Teenage Shutdown: I'm Down Today, subtitled "Moody & Brooding Teen Misery Lowdown," is one of the better collections in the Teenage Shutdown series and will appeal to fans who are looking for more blues-based punk ballads and not screeching, foot-stomping garage rock. Like the others in this celebrated series, the compilation was produced by Crypt Records' Tim Warren, whose careful and considerate mastering job was accomplished with a minimum of EQing, keeping the sound raw but as loud and clean as possible. Many of these singles -- all but a few dating back to the mid-'60s -- came from the collection of "Moptop" Mike Markesich, who wrote the CD's scant liner notes. As usual, there aren't too many band photos to be found in the fold-out insert booklet; this one features five black-and-white photos, including cover cats the Chargers. There are also scans of the single labels, depicted in color. Teenage Shutdown: I'm Down Today focuses on the "she done me wrong" style of bluesy garage rock, or as Markesich writes in the notes: "Top tales of teenage trauma! Various shades and states of torture: moody, to miserable, to downright suicidal!" Cheery thoughts like these tumble forth throughout, starting right off with the title track by the Drones' "I'm Down Today," from Valley Center, CA. The Other Half, from Pottsdown, PA, contribute "A Lot to Live For," while the Iron Gate put everything in perspective with their song "Feelin' Bad." Its lyrics reveal what's actually going on in the singer's head: "Don't feel bad about the Vietnam War/Don't feel bad about the Civil Rights Bill/Don't feel bad about the sick and poor/Don't feel bad 'cause I'm missin' my thrill/But I do feel bad about losing you." The John Does' "One Kind Favor" finds the West Coast teen group transforming an old blues standard -- previously made famous by Texas blues legend Blind Lemon Jefferson (but recorded as "See That My Grave Is Kept Clean") and later recorded by Howlin' Wolf and others -- into an Animals-style moody rocker with outstanding organ flourishes. The Worchester, MA-based Scepters -- not to be confused with the Chicago-based Sceptres, whose cover of the Rolling Stones' "The Last Time" was collected on Teenage Shutdown: She's a Pest! -- have the final word here, a "goodbye cruel word" track called "Depression." The moody surf-style song, according to Markesich's liners, was written by the group's lead guitarist, who exaggerated the song lyrics to be "pro-suicide," even though he'd done it as a joke. Only 500 copies were released in the New Hampshire area on the Melbourne label.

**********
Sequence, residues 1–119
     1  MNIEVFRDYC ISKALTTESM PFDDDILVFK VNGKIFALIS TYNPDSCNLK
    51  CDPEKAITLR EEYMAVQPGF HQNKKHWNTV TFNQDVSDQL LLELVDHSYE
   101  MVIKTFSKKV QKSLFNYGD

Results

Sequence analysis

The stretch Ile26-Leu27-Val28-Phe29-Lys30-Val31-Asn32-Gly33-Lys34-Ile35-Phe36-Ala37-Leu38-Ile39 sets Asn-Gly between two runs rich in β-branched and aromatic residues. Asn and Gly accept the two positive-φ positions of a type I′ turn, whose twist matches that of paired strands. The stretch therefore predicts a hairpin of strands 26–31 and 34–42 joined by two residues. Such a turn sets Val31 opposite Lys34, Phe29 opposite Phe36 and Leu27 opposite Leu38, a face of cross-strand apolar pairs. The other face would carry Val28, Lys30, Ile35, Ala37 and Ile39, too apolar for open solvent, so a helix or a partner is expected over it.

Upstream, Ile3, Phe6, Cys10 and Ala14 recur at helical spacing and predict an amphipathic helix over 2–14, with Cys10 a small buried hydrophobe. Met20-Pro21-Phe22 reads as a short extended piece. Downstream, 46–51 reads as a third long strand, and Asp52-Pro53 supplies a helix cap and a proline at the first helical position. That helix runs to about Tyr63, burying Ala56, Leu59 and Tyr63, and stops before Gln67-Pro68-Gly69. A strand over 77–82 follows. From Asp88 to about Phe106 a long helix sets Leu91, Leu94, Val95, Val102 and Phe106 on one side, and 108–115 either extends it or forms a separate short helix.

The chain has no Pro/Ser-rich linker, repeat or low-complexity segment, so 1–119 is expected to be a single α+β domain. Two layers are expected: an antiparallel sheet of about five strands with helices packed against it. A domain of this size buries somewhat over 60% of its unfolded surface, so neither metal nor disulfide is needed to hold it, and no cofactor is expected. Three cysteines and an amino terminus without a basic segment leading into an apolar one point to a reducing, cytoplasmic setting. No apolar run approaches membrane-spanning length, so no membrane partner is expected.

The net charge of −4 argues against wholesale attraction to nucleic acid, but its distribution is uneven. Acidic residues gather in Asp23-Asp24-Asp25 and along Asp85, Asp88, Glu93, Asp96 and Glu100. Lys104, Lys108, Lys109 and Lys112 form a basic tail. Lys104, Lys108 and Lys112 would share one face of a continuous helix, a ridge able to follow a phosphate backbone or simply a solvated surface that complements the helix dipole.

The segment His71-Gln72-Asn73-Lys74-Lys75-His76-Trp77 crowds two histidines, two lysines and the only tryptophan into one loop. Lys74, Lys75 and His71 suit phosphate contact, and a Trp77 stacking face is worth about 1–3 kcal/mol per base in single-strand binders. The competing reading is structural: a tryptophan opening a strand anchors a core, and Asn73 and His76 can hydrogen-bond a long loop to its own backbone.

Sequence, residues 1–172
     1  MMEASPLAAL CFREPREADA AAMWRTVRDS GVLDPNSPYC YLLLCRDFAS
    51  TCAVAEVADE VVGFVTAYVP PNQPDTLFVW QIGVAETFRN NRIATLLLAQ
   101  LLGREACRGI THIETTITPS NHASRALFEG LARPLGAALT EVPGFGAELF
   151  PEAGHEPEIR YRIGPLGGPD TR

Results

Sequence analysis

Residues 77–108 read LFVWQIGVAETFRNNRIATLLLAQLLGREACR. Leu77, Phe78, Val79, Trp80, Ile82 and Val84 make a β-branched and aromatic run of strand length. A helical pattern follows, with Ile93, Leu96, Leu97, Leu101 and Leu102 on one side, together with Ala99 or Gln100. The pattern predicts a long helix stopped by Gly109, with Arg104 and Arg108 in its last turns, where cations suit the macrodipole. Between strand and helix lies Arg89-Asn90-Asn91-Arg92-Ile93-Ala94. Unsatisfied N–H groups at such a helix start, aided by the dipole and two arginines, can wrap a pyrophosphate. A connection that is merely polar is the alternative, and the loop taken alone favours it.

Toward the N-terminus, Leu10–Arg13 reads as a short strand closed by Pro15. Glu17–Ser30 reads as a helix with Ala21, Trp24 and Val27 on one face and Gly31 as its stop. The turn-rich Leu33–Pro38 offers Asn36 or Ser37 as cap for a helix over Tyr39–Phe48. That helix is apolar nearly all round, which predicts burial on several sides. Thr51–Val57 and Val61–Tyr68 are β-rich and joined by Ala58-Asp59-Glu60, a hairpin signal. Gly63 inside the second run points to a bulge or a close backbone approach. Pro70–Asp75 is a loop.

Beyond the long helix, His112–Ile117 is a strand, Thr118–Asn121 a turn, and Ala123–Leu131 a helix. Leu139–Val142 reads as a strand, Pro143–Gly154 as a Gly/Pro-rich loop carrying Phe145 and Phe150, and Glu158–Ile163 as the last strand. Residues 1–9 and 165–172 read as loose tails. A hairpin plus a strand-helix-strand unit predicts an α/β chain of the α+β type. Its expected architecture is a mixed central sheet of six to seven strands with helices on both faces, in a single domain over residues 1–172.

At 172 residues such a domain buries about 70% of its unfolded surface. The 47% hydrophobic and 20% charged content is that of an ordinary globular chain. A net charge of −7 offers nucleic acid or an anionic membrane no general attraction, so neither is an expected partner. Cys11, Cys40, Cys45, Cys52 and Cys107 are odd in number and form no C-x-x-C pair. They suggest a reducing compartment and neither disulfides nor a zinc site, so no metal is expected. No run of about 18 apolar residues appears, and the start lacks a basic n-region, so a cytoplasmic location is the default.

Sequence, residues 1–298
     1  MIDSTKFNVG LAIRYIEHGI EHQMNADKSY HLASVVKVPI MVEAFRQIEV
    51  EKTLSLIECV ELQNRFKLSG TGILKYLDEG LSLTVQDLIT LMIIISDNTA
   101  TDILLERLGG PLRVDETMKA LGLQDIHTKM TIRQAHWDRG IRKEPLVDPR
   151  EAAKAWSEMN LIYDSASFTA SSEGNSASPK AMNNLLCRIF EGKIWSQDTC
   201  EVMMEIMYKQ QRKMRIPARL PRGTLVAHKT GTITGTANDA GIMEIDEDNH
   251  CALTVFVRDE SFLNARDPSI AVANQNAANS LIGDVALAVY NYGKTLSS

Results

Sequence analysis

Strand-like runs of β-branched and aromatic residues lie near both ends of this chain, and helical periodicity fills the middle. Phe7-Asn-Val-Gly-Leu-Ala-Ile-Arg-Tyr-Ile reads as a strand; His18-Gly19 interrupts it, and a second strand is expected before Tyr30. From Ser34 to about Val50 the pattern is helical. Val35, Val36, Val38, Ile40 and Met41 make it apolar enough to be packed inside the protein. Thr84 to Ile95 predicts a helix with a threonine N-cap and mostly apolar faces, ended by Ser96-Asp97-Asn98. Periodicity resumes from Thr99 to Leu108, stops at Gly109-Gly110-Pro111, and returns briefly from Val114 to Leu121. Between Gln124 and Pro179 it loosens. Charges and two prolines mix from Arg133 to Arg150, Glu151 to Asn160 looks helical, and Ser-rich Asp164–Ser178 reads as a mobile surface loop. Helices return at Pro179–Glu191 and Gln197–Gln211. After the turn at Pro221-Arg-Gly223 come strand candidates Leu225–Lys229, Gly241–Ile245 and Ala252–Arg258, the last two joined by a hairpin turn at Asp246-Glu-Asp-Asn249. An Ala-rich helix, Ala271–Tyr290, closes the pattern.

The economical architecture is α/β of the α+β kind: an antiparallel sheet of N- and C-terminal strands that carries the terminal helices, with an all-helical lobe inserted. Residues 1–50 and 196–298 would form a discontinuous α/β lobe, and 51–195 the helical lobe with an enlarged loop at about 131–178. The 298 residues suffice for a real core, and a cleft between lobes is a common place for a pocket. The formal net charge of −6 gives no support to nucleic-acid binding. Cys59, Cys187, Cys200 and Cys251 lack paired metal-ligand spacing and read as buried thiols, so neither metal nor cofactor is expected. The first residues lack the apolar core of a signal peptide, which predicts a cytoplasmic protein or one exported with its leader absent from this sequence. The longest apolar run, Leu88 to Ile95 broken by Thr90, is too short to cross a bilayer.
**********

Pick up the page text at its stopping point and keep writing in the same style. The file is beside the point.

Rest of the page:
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AllMusic Review by Bryan Thomas